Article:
Isaiah writes that the people of Israel “. . .said to the seers, ‘Do not see’; and to the prophets, ‘Do not prophesy to us what is right; speak to us smooth things, prophesy illusions, leave the way, turn aside from the path, let us hear no more about the Holy One of Israel. . .’” (Isaiah 30:10-11)

Jesus said, “Enter through the narrow gate; for the gate is wide and the road is easy that leads to destruction, and there are many who take it. For the gate is narrow, and the road is hard that leads to life, and those who find it are few. . .Beware of false prophets, who come to you in sheep’s clothing, but inwardly are ravenous wolves. You will know them by their fruits. . .Every good tree bears good fruit, but every bad tree bears bad fruit. . .”

And Jesus also said, “Not everyone who says to me, ‘Lord, Lord,’ will enter the kingdom of heaven, but only the one who does the will of my Father in heaven. On that day many will say to me, ‘Lord, Lord, didn’t we prophesy in your name, and cast out demons in your name, and do many deeds of power in your name?’ Then I will declare to them, ‘I never knew you; go away from me, you doers of evil. . .’” (Matthew 7:13-23)

According to the Bible, bad prophecy, or false prophecy, is worse than no prophecy at all. And there are plenty of bogus prophets around. And even if we don’t call them that, there are still plenty of priests, who make it their job to bless the people in power, and tell society that God is happy with what they’re doing.

“You will know them by their fruits,” said Jesus. Not by what they do or say in the moment, not by their standing in the polls, not by whether their words are beautiful or inspiring. “You will know them by their fruits. A good tree cannot produce bad fruit; a bad tree cannot bear good fruit. . .”

We could turn this morning’s scripture around, and say, “When people are dying, there is no vision here. When law and order disappear, we are not living under God’s guidance. When people are unrestrained, this is not a revelation.” It works both ways.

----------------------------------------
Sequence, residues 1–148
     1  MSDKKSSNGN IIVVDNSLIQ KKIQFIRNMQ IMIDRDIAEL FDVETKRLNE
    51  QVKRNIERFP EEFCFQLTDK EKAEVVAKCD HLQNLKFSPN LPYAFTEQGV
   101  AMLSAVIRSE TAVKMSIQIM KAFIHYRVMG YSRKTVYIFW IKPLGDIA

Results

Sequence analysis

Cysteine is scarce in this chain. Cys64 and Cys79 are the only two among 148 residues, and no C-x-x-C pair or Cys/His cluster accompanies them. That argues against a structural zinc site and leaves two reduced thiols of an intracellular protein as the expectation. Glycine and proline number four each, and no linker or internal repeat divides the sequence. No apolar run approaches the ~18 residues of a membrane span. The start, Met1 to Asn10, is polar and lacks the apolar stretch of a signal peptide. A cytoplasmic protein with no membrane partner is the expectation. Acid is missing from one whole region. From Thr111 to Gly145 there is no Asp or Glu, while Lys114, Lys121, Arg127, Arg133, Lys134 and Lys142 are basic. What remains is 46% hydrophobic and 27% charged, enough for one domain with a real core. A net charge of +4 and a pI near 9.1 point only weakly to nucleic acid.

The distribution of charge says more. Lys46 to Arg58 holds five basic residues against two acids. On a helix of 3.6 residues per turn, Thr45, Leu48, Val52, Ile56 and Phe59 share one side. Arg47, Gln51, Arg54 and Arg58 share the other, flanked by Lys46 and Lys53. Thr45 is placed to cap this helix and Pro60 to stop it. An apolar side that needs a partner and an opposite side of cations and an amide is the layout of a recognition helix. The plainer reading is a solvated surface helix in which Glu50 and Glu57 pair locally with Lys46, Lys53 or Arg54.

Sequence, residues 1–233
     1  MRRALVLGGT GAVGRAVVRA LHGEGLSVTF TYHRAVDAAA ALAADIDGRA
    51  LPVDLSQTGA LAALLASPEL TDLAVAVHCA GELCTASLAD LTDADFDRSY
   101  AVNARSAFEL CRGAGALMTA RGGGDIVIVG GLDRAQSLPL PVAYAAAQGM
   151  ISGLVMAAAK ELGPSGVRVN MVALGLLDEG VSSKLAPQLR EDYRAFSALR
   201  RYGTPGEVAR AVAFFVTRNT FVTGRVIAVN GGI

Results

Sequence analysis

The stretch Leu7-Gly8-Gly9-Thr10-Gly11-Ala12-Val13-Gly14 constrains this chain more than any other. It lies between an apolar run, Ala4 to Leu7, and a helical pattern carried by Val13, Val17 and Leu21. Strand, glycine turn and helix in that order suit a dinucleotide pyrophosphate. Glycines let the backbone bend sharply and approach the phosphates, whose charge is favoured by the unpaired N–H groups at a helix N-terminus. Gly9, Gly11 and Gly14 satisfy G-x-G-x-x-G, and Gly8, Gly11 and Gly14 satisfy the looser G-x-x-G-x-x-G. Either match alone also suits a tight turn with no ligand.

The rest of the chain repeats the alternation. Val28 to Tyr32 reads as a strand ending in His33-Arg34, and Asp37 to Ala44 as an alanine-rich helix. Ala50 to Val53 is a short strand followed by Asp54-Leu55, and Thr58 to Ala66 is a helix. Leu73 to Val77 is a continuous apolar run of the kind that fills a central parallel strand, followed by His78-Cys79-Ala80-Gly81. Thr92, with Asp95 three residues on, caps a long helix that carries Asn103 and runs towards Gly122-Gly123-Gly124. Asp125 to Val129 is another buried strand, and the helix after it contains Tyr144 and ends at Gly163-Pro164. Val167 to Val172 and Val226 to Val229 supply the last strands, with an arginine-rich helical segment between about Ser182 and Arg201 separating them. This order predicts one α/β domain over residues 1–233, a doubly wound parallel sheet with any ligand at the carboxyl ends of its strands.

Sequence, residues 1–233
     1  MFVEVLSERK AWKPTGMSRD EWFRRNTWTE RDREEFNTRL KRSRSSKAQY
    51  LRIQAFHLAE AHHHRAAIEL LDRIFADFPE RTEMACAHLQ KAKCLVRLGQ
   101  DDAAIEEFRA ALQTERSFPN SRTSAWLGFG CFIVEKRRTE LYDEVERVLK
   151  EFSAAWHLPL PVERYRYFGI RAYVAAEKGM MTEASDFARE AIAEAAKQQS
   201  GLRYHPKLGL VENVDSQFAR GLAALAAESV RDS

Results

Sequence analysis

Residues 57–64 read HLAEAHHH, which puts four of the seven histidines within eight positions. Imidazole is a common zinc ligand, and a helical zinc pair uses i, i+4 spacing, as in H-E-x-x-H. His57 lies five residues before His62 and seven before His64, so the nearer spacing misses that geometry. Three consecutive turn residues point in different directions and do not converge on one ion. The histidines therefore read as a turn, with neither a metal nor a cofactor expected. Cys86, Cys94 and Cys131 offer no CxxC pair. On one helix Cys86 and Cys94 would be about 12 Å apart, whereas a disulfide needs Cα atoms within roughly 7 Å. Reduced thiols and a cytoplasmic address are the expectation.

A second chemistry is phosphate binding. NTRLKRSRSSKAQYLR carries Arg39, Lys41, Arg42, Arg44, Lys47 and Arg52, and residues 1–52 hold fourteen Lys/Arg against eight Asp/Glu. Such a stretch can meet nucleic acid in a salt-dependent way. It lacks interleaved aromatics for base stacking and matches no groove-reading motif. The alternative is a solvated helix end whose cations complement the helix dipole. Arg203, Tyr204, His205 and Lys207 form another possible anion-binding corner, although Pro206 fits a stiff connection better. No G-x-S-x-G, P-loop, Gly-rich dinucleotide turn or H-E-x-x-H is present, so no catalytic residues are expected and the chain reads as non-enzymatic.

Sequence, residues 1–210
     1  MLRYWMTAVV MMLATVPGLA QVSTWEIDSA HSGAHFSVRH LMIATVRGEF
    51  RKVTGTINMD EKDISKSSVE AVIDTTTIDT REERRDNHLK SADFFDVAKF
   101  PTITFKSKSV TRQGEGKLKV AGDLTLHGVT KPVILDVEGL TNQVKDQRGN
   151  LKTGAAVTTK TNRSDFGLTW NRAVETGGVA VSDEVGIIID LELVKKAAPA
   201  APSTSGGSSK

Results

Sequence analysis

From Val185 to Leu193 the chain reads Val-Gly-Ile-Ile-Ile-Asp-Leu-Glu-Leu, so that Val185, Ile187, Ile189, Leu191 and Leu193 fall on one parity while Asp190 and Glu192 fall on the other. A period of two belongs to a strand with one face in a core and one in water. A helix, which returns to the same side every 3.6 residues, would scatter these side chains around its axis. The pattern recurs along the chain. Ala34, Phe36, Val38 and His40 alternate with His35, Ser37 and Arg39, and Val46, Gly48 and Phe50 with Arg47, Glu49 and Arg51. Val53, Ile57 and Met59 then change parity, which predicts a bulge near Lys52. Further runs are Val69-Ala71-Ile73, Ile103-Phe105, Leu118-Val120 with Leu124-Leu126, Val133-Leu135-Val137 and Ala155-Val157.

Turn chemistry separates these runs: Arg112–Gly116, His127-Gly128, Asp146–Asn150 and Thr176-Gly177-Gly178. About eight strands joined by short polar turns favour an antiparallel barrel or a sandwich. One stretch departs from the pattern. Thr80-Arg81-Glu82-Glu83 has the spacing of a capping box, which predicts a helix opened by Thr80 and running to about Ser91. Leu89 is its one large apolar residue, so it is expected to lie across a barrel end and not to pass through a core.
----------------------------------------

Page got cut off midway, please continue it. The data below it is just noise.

I don’t have all the answers for the problems of today’s world. I don’t think that any of our leaders do.

I think that it is our job, as faithful Christians who try to listen to the voice and leading of God, to say no to what the world is doing a lot of the time. We may not always know what the right thing to do is, but we see the fruit of the wrong decisions.

We can say no when our leaders try to substitute anything else for the vision and teaching of God. We need to say no, loud and clear.

When we’re in doubt, we don’t have to rush to a solution. There are often many possible ways to deal with a problem. We can say, “Let’s wait and see. Let’s find another way. Let’s not give up on God’s vision.”

You don’t have to look very far in the Bible to hear what God wants. When Jesus was born, the angel told the shepherds, “Glory to God in the highest, and peace to all people. . .” That’s a vision for us – a vision of peace.

When Jesus was dying, do you remember his last words? “Father, forgive them; they don’t know what they’re doing. . .” That’s a vision for us – a vision of reconciliation.

When Jesus rose from the dead, do you remember what he told people? “Go into all the world and share the good news with all nations. . .” That’s God’s vision, too – a vision of outreach across all kinds of boundaries.

We can listen, deeply and carefully, with our hearts and our minds, to what we think God is saying. We can test what the prophets of our day are saying to us.

One of my favorite passages in the New Testament says, “Do not quench the Spirit. Do not despise prophecies, but test everything; hold fast to what is good, abstain from every form of evil. And may the God of peace make you holy through and through; and may your spirit, soul and body be kept healthy and whole until our Lord returns. The one who chose you can be trusted, and will do this. . .” (I Thessalonians 5:23-24)

Let’s take all this into our time of open worship together. If you have questions, or answers, or if any of you have a vision to share, please let that be part of our worship.